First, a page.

Just the ticket . . .

PUBLISHED: 12:24 16 June 2015 | UPDATED: 13:00 16 June 2015




In villages everywhere organising committees are planning the summer fete. Tony Redman offers his tips for raffle etiquette

Vicar and writer of And Another Thing... column for Suffolk MagazineVicar and writer of And Another Thing... column for Suffolk Magazine

Summer is nearly here, and summer means village fetes.

Dr Kate Jewell is an expert in fetes in medieval Suffolk, and according to her research these often involved dressing up, lots of food, dancing, getting drunk and gunpowder.

They had their origin in the remembering of local saints or special dates, and raising money for good causes, often to do with the parish church. Not much has changed in 500 years.

Every year, up and down the country, summer fetes are still part of village life.

Most fetes involve a raffle so here are the basic ground rules for playing your part in this important element of parish life.

1 First of all you need to get to the event as soon as you can after it opens, or even before that if you can. This will give you the opportunity of spiking the raffle with some better prizes if you have the inclination, which will also increase the number of tickets sold and lower your own chances of winning.

2 The earlier you can buy tickets, the better. Don’t worry about whether or not the purchase of tickets is obligatory. It is. It’s always best not to look at the great variety of potential prizes as this can be depressing, and you need to assume that whatever you succeed in winning, it’s likely to disappoint.

3 Purchase as many tickets as you can. The more you spend, the more likely the organising committee will be encouraged to buy some better prizes next time. Most village people will do the same, in order to shorten the odds.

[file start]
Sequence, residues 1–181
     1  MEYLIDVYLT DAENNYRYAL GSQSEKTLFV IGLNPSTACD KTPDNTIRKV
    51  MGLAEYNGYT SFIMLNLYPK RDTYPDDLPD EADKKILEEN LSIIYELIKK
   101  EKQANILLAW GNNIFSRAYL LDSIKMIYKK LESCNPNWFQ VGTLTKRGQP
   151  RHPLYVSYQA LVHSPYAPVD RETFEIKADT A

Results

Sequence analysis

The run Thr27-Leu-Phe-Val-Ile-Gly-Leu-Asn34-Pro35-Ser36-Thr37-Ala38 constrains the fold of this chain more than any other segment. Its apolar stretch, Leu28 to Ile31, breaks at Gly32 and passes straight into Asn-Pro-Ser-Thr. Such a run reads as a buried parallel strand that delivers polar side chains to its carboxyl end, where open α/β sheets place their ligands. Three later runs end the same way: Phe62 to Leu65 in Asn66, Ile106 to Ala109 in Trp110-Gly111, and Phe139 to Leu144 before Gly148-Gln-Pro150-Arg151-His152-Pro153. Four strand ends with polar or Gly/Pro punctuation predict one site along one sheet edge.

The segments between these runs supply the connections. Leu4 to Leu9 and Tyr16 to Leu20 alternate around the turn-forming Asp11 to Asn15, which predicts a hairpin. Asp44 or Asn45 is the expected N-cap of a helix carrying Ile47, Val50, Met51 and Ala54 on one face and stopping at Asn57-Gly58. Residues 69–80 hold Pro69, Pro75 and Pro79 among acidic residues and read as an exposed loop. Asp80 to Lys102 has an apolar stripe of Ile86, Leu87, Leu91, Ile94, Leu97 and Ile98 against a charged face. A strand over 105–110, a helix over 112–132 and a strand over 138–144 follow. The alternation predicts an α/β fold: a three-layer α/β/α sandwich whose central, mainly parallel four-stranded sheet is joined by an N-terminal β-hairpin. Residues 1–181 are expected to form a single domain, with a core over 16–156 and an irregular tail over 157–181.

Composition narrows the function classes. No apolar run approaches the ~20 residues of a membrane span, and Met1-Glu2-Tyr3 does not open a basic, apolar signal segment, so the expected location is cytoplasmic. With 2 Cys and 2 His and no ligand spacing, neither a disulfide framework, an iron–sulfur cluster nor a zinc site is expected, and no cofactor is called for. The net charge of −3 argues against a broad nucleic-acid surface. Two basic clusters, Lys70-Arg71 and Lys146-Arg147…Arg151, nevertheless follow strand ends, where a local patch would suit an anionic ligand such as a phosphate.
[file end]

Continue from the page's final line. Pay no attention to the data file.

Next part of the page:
4 Always stay to hear the draw called. If you are not there, others will hold things for you and deliver them to you later on. This is not necessarily a good thing. If you do have to leave early, make sure you leave your tickets with a trusted friend giving them clear instructions, bearing in mind that others will be watching what you take and coming to their own conclusions about your personal tastes.

5 As the draw gets going some people will be really happy for the second hand, slightly used Barbie’s outfit, and the bottle aged Blue Nun German Riesling, or that bottle of holiday liqueur bought on a whim and now past its best, but these will not be everybody’s cup of tea. You must ignore this point and carry on choosing things regardless.

6 On no account return things to the draw table. The drawer of the tickets will carry on until the very last item is left. The more people put things back into the draw, the longer drawn out will be the agony for everybody else, as nobody is allowed to leave until the draw table is clear. So in the interests of being a good member of the community it beholds you to take your prize, whether you want it or not.

7 Some of the prizes you may enjoy, but some you will not. Non-perishable items are best left to one side and slipped in unnoticed in the next year’s draw, by which time most folk will have forgotten about them, and previous owners will be beyond identification. The careful discerning types will be able to identify the boomerangs – those prizes which keep doing the rounds, but this is no bad thing and all part of letting the village know what good taste you have. Perishable items you do not want need to find another venue. This is where it pays to belong to more than one ‘community’. With any luck there will be another raffle somewhere else just crying out for prizes, and these items can then be harmlessly slipped in, earning you double brownie points with two different groups of people.

So now you see it. Village raffles are an essential part of village recycling policy.

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